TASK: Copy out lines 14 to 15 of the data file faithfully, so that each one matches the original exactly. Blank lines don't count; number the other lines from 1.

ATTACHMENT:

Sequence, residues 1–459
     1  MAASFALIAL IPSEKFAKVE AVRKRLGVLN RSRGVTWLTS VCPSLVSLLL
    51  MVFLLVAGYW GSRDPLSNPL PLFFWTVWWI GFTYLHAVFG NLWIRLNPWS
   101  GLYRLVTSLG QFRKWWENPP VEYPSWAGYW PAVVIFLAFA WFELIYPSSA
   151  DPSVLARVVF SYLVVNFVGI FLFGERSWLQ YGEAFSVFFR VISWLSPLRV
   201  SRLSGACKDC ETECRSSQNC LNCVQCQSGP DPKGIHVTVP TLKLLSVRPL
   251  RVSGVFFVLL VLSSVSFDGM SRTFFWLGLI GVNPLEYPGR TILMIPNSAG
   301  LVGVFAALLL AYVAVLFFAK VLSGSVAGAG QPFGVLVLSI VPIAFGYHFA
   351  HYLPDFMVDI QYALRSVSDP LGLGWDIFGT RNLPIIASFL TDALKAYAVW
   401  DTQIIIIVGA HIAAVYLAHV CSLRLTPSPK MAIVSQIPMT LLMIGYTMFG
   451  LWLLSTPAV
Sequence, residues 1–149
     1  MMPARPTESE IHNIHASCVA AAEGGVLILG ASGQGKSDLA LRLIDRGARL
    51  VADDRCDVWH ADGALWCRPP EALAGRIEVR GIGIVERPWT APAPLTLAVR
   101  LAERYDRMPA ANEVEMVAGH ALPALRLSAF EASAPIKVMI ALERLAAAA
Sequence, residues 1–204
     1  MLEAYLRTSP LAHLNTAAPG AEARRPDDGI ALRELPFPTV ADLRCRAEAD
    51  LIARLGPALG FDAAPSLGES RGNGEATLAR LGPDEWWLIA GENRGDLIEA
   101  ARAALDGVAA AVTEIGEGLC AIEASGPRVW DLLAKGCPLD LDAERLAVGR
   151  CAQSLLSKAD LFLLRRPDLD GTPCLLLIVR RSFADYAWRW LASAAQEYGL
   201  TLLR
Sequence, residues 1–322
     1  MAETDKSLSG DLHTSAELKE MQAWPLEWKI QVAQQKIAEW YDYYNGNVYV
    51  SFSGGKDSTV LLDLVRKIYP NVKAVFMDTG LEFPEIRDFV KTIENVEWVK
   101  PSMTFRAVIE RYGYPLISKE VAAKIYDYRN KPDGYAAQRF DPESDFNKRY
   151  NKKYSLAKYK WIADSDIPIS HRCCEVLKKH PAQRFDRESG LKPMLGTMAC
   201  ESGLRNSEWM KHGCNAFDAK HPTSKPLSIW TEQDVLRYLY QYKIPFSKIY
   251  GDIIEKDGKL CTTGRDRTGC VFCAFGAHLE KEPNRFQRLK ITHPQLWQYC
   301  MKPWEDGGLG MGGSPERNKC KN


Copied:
    51  VADDRCDVWH ADGALWCRPP EALAGRIEVR GIGIVERPWT APAPLTLAVR
   101  LAERYDRMPA ANEVEMVAGH ALPALRLSAF EASAPIKVMI ALERLAAAA